This page details the responsibilities of both Research Students and Supervisors. The information is taken from the Guidance Notes for Supervisors and the Code of Practice for Research Students - both of which can be found on this website.
What are my responsibilities as a Research Student?
You are expected to:
- tackle the research with a positive commitment, taking full advantage of the resources and faciilities offered by the academic environment and in particular contact with the supervisor, other staff and research students.
- discuss with the supervisor the type of guidance and comment believed to be most helpful, the training which might be required, and agree a schedule of meetings.
- attend supervision sessions, meetings, seminars, lectures and laboratory sessions as required by the supervisor or Head of Department.
- aim, by the end of the first year (or 2 years for part-time students), as well as having completed a broad programme of relevant work and training, to have defined the area of research, become acquainted with the background knowledge required and the relevant literature, and have a framework for the future progress of the research with a timetable for the next 2 or 3 years (3 or 4 years in the case of part-time students).
- maintain the progress of the work in accordance with the stages agreed with the supervisor, and take note of the guidance and feedback from the supervisor.
- agree with the supervisor(s) any periods of absence from the University.
- take responsibility for seeking out the supervisor.
- discuss any problems, such as those of access, or conflicting advice, with the supervisor(s) at the time - early discussion and resolution of problems can prevent difficulties later on. (if the students feels unable to raise the problem with the supervisor(s), he or she should discuss the difficulty with a senior member of the department - normally the Head of Department orPostgraduate Tutor. if for any reason this is not felt to be possible, the student should contact the Director of the University Graduate School, via the Student Registry).
- decide when to submit the thesis, taking account of University regulations on minimum and maximum periods for submission, and the supervisor's opinion.
What are the responsibilities of my Supervisor(s)?
The supervisor(s) is expected to:
- explore fully the student's background at the outset, and identify areas where further training (including language training) is needed.
- give guidance on: the nature of research and the standard expected; the planning of the research programme; attendance at apporpriate courses; literature and sources; laboratory techniques; sources of information on intellectual property rights.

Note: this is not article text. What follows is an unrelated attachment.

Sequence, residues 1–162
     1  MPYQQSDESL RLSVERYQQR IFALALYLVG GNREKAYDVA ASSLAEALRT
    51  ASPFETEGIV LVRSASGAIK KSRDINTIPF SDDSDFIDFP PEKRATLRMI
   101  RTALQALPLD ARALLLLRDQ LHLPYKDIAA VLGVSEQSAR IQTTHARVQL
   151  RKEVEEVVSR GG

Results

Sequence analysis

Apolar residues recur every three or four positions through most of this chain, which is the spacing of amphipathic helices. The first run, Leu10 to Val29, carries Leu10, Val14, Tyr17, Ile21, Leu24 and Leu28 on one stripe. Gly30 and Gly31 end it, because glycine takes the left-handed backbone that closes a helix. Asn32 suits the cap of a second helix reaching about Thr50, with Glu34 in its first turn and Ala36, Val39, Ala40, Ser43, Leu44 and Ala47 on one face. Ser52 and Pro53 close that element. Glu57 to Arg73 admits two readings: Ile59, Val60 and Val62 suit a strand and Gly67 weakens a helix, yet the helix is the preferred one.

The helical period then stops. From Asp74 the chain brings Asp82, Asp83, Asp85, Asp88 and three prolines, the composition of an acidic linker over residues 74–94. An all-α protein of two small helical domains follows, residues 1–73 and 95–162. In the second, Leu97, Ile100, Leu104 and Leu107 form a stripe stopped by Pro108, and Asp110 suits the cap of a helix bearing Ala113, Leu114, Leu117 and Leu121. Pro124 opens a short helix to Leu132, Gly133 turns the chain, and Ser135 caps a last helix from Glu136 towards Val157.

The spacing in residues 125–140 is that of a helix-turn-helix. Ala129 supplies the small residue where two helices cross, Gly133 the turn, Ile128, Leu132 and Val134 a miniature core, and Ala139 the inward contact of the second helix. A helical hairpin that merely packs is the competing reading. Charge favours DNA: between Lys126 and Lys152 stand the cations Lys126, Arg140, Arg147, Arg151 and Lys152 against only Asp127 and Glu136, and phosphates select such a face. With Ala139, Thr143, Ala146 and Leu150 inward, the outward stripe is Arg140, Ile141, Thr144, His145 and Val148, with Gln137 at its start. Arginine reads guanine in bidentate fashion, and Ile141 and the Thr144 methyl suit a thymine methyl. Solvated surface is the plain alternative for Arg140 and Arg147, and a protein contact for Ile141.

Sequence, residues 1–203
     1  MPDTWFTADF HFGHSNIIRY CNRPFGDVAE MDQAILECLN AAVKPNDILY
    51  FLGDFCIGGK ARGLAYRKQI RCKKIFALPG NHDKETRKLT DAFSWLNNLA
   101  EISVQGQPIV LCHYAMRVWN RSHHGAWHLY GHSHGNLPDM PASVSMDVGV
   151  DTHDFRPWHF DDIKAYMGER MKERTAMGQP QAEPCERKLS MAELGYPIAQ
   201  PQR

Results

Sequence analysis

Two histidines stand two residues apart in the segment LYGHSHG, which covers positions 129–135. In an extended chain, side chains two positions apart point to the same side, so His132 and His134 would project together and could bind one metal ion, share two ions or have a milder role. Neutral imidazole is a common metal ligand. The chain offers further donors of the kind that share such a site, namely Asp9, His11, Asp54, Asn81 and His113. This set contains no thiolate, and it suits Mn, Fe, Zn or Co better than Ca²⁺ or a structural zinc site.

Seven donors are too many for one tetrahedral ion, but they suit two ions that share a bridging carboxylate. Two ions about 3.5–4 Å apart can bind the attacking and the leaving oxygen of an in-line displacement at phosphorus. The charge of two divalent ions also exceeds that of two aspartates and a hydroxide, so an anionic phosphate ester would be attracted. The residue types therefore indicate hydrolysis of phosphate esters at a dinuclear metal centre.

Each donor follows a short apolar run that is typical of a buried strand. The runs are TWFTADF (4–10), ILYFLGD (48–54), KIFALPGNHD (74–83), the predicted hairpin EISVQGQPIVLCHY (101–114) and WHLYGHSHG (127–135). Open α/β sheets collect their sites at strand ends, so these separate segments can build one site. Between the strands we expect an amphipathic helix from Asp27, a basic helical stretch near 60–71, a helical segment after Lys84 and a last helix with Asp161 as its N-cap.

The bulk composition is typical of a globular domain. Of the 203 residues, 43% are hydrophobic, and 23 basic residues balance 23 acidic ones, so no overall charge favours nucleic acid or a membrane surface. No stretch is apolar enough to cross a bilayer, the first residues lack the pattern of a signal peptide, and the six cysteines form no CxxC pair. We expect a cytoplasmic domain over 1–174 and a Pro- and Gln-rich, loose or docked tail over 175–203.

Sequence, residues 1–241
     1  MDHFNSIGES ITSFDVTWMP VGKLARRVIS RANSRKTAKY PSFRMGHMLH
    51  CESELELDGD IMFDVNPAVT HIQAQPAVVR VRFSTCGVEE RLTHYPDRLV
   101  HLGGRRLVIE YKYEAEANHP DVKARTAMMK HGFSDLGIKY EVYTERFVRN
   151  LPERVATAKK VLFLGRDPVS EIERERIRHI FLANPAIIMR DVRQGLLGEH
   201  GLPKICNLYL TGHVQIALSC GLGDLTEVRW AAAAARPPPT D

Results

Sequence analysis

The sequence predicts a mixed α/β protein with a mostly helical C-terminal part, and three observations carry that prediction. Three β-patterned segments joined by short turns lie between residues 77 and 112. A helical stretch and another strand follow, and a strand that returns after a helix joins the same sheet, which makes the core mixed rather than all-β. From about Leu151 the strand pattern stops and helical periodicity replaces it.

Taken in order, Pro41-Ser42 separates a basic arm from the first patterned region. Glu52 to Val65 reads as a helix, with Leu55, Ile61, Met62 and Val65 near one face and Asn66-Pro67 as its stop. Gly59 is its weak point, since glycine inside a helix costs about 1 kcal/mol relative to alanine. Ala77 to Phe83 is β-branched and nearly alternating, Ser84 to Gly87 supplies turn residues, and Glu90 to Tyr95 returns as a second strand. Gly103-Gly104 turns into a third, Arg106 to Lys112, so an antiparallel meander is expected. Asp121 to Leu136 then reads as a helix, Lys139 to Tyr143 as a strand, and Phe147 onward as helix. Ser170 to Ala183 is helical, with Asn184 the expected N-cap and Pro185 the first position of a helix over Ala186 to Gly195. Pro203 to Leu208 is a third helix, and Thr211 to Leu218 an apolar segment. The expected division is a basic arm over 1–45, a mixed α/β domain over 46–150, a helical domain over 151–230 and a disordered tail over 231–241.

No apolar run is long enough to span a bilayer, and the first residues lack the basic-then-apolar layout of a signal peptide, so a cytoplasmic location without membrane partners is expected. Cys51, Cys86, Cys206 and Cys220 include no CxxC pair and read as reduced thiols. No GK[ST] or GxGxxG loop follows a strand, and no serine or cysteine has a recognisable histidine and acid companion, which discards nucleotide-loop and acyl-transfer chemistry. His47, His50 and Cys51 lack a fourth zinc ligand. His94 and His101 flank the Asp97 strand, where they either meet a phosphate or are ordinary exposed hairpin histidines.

- be aware of the particular difficulties faced by many overseas students, who may initially need very frequent contact and advice on facilities, training courses, language tuition, etc.
- check on the student's progress at regular intervals.
- allocate a reasonable period of time for supervisory sessions: a full time student is entitled to at least an hour a fortnight with the supervisor(s) and a part-time student to at least an hour a month. Supervisors should ensure that as far as possible supervision sessions are uninterrupted by telephone calls, personal callers or departmental business.
- deal with urgent problems as soon as possible, either over the telephone, via e-mail, or through a meeting arranged at short notice.
- read and provide constructive comments on any work submitted by the student within a reasonable time period.
- ensure that the student is made aware if either progress or the standard of work unsatisfactory, and arrange any necessary supportive action. If the lack of progress is due to a personal problem a suspension of registration may be appropriate; and this possibility should be discussed with the student.
- carry out an annual reveiw of the student.
- take steps to ensure that the student is given proper guidance on the use of specialist equipment and techniques.
- take an active part in introducing the student to meetings of learned societies, seminars and workshops and to other research workers in the field, and give advice on writing up the research for publication.
- put the student in touch with specialists inside or outside the University if the student's work goes significantly outside the supervisors field.
- inform the student of any periods of absence from the University, so that the student can plan accordingly.
- make supervision arrangements for students whose normal place of research is somewhere other than lancaster, and liaise with any external supervisors.